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The fight over prices on the Internet

Where's the price?

On some pages of e-commerce sites selling products like televisions, digital cameras and jewelry, a critical piece of information is conspicuously missing: the price tag.

To see how much these items cost, shoppers must add the merchandise to their shopping carts — in effect, taking it up to the virtual register for a price check.

The missing prices are part of a larger battle sweeping the world of e-commerce. Wary of the Internet's tendency to relentlessly drive down prices, major brands and manufacturers — and now, book publishers — are striking back, deploying a variety of tactics and tools to control how their products are presented and priced online.

A 2007 Supreme Court ruling in the case of Leegin Creative Leather Products v. PSKS gave manufacturers considerably more leeway to dictate retail prices, once considered a violation of antitrust law, and it set a high legal hurdle for retailers to prove that this is bad for consumers.

Ever since that decision, retailers say manufacturers have become increasingly aggressive with one tool in particular: forbidding retailers from advertising their products for anything less than a certain price.

For offline retailers like Wal-Mart Stores and Best Buy, that means not dropping below those prices in the circulars and ads in newspapers. But online retailers have a greater burden. Manufacturers consider the product pages on sites like eBay and Amazon.com to be ads, and they complain whenever e-commerce sites set prices below the minimum price.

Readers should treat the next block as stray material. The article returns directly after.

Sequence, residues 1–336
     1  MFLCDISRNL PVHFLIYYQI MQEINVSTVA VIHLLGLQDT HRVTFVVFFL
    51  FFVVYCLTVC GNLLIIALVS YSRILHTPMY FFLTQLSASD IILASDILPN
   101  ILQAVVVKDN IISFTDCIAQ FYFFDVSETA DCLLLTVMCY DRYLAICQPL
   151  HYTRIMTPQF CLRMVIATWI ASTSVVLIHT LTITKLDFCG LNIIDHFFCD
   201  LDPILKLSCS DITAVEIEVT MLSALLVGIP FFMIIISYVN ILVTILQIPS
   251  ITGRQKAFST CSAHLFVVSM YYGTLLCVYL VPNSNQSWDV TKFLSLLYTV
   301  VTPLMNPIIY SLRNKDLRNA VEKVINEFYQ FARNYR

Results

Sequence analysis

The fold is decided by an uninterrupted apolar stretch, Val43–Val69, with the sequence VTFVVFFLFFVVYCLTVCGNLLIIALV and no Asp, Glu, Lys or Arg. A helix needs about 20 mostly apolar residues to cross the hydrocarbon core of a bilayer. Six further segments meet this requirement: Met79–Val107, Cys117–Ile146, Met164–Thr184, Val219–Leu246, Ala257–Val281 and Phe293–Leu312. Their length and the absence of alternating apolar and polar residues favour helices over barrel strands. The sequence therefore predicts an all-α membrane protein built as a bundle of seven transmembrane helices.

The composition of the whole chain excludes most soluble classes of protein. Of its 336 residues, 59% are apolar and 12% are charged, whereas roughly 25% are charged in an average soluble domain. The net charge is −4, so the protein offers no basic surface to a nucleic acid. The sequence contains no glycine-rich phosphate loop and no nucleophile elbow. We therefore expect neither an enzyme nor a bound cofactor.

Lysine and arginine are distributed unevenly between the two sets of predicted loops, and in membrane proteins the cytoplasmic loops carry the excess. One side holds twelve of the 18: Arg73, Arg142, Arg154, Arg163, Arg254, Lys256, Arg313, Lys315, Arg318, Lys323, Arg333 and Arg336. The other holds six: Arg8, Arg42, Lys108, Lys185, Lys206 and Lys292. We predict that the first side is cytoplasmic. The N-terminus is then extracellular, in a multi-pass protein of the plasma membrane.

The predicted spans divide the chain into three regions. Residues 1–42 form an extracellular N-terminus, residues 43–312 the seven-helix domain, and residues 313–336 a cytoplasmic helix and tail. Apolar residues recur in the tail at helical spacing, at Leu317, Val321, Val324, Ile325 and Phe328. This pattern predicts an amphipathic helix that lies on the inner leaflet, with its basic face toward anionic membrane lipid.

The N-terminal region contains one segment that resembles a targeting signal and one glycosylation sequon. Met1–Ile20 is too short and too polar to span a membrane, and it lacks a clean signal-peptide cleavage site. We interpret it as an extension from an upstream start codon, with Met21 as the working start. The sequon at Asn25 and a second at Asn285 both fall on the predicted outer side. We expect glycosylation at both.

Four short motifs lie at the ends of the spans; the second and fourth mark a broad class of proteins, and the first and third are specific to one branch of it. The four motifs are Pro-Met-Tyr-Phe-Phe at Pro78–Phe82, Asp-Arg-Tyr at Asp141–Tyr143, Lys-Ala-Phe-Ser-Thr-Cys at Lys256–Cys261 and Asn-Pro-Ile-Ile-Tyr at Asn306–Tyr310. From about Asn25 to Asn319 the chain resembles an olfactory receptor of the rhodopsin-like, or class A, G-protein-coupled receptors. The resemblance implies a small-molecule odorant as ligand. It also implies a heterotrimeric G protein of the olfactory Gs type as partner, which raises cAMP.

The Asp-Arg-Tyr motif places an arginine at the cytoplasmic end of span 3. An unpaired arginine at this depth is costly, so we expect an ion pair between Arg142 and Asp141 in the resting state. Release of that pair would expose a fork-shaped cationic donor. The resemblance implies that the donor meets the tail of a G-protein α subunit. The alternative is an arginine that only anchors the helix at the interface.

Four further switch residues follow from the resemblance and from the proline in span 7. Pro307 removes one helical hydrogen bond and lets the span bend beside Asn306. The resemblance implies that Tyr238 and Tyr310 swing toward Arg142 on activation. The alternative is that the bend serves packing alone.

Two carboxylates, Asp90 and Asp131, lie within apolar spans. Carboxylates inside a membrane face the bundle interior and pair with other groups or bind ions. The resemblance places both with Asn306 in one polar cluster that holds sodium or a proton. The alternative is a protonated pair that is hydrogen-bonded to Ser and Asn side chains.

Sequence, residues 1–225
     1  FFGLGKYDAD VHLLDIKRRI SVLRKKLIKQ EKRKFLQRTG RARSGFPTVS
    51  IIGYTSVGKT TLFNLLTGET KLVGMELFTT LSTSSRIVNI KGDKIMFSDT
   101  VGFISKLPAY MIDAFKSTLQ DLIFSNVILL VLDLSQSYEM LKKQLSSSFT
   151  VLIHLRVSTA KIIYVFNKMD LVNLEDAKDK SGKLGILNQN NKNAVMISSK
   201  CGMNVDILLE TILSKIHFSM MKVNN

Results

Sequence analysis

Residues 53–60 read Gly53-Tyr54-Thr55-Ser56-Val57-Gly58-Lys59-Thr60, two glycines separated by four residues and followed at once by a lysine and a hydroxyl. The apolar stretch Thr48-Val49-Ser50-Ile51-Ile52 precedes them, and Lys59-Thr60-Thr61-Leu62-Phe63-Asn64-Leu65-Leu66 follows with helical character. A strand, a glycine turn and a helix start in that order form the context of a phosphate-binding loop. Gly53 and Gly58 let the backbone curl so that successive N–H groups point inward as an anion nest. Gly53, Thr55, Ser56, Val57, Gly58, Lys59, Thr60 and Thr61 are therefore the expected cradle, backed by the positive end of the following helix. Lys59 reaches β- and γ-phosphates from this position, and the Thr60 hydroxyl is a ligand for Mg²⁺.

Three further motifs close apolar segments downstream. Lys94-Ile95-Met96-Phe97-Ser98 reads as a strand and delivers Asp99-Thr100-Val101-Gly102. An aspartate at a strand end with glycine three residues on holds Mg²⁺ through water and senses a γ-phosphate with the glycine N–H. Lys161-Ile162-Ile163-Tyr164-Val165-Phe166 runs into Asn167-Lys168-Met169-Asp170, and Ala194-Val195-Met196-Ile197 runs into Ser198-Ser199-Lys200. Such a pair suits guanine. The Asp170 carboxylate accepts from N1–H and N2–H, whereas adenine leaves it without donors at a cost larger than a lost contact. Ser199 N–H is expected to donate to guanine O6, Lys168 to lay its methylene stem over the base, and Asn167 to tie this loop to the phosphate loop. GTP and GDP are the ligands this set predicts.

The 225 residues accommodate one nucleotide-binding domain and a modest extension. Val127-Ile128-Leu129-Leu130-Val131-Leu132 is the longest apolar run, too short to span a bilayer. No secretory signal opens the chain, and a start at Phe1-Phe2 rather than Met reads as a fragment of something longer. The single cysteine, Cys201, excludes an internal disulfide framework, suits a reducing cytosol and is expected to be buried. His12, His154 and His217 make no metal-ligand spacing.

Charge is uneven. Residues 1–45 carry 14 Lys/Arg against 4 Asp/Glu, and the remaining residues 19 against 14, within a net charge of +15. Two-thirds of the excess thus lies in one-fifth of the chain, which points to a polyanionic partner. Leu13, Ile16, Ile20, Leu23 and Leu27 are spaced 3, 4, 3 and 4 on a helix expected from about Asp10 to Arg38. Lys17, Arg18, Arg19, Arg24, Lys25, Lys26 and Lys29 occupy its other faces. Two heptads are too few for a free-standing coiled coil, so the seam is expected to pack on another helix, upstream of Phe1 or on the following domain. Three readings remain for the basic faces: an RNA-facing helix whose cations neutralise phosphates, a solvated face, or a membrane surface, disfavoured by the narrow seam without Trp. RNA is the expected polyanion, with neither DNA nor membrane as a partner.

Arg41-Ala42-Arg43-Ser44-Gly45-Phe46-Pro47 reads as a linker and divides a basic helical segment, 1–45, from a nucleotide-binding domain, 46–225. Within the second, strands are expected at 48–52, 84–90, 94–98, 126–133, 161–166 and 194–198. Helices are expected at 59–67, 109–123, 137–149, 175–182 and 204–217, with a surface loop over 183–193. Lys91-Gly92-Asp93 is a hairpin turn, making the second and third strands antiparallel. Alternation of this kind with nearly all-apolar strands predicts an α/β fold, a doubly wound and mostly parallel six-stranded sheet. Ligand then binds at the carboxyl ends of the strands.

This leads the sites to replace prices with notes that say things like "To see our price, add this item to your cart." As a result, those prices also did not show up on search sites like Google Product Search and PriceGrabber.com. The trend has arguably weakened one of the implicit promises of e-commerce: that quick searches and visits to comparison shopping sites will yield the best deals.

A few online retailers, like Buy.com, say advertising restrictions have not measurably affected sales. But most other e-commerce companies volubly protest.

Manufacturers say the competitiveness of the Internet has unlocked a race to the bottom — with everyone from large corporations to garage-based sellers ravenously discounting products, and even selling them at a loss, to capture market share and attention from search engines and comparison shopping sites. They also worry that their largest retail partners may be unwilling to match the online price cuts and could stop carrying their products altogether.